“Under the Sea” was the crowning jewel of “The Little Mermaid,” winning an Academy Award for Best Song. It was the first time a Disney film was so honored since “Chim Chim Cher-ee” from “Mary Poppins” won in 1964. It also won the Golden Globe Award for Best Song and the Grammy Award for Best Song Written Specifically for a Motion Picture or Television, a first for a Disney song.

It also set forth a skein of Disney-based songs that became pop culture staples, a trend that continues today to “We Don’t’ Talk About Bruno” from “Encanto.”

10. “Baaja Bajeya” from “Do Dooni Chaar” (2010).

Most Americans are probably unfamiliar with this film, which is notable as the first live-action Hindi film to be distributed by Disney World Cinema. Although the film won India’s National Film Award for Best Feature Film in Hindi and was praised by Indian film critics, it was considered a commercial disappointment during its theatrical release.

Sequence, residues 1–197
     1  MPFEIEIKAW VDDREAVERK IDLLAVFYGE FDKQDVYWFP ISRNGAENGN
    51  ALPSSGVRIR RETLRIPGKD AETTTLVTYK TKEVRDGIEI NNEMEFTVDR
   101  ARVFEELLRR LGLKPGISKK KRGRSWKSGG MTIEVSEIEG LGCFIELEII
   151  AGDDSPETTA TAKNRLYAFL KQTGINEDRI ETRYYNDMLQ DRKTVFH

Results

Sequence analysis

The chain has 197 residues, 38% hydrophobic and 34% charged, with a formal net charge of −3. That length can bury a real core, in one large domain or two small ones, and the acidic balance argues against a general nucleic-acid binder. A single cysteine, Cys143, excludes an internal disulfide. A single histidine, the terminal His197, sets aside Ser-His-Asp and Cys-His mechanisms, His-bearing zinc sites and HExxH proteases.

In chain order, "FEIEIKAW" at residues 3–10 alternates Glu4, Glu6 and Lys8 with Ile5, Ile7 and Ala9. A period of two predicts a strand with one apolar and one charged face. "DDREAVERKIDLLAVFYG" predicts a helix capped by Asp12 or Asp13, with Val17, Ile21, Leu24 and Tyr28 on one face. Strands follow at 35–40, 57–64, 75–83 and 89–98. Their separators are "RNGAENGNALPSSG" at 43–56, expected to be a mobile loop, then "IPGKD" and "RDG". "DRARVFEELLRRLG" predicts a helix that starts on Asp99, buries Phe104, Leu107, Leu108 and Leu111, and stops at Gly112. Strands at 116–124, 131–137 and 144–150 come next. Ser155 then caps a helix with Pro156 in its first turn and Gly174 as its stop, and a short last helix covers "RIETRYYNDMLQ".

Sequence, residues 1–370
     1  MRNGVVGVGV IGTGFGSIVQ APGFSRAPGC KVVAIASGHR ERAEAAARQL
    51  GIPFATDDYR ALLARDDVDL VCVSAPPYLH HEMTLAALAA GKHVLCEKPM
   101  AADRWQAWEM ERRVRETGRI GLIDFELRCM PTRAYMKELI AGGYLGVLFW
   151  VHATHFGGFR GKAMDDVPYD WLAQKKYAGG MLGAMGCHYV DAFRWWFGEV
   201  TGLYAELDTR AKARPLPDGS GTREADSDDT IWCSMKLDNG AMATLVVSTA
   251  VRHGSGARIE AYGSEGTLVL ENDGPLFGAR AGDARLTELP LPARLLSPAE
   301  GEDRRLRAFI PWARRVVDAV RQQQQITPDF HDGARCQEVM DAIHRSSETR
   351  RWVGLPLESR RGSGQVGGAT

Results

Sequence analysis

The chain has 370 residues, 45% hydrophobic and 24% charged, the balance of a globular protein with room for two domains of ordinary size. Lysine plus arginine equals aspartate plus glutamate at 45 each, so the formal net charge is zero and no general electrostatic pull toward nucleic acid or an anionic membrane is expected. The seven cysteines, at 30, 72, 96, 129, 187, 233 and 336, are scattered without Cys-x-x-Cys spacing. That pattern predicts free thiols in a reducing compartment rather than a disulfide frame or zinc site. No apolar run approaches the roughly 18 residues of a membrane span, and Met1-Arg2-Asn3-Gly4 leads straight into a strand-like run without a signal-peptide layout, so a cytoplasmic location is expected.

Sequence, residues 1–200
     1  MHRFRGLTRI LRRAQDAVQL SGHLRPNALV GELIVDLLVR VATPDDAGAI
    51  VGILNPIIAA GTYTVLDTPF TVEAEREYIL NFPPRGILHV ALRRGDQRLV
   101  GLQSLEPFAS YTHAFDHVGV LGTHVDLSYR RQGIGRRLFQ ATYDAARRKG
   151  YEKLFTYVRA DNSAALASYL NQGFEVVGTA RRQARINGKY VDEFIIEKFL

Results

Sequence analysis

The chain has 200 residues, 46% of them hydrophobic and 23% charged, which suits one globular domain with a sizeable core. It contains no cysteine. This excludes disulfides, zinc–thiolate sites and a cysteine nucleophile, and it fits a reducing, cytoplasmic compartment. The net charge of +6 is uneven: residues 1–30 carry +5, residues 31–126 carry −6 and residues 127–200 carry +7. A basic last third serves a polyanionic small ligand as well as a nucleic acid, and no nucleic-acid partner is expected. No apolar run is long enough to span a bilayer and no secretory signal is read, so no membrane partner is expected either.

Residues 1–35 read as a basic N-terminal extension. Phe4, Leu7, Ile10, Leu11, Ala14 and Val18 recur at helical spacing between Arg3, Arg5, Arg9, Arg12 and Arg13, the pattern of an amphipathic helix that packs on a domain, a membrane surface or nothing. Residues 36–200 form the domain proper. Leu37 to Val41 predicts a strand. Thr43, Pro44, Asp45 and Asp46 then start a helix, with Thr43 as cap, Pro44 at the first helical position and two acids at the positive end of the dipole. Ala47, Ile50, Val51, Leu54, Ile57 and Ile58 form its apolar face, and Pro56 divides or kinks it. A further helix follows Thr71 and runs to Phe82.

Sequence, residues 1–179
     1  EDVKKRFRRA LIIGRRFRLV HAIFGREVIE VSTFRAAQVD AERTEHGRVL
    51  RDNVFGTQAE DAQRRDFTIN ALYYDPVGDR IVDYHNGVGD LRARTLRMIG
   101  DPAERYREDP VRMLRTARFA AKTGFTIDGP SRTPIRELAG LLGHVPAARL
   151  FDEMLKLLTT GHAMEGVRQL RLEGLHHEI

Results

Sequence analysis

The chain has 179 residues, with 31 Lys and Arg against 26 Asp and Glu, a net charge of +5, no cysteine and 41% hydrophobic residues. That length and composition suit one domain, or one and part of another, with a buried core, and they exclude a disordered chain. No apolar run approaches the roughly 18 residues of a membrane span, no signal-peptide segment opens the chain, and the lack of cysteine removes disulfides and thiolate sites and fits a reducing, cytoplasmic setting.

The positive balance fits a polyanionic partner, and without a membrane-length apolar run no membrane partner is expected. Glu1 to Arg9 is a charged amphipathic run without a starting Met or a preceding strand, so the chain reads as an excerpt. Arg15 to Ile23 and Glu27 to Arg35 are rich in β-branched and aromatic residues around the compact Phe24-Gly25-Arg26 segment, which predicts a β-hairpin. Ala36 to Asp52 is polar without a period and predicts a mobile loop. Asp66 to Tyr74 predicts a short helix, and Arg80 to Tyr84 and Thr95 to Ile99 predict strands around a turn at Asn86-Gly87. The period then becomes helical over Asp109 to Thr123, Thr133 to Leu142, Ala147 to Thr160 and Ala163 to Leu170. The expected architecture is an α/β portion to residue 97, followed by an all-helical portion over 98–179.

Nonetheless, the film’s title song became the rare Disney film-based tune to find popularity with Hindi-language audiences,  thus affirming the popular perception that Disney is the rare company that literally leaves no stone unturned.

Photo: Mickey Mouse whistling "Steamboat Bill" from the 1929 "Steamboat Willie." Photo courtesy of Disney.

Market News and Data brought to you by Benzinga APIs
Posted In: EntertainmentNewsGlobalOpinionTop StoriesMediaGeneralAcademy AwardsBeatlesDisney FilmsGrammy AwardsJoan CrawfordmoviesMusicmusicalssongs
Benzinga simplifies the market for smarter investing

Trade confidently with insights and alerts from analyst ratings, free reports and breaking news that affects the stocks you care about.

Join Now: Free!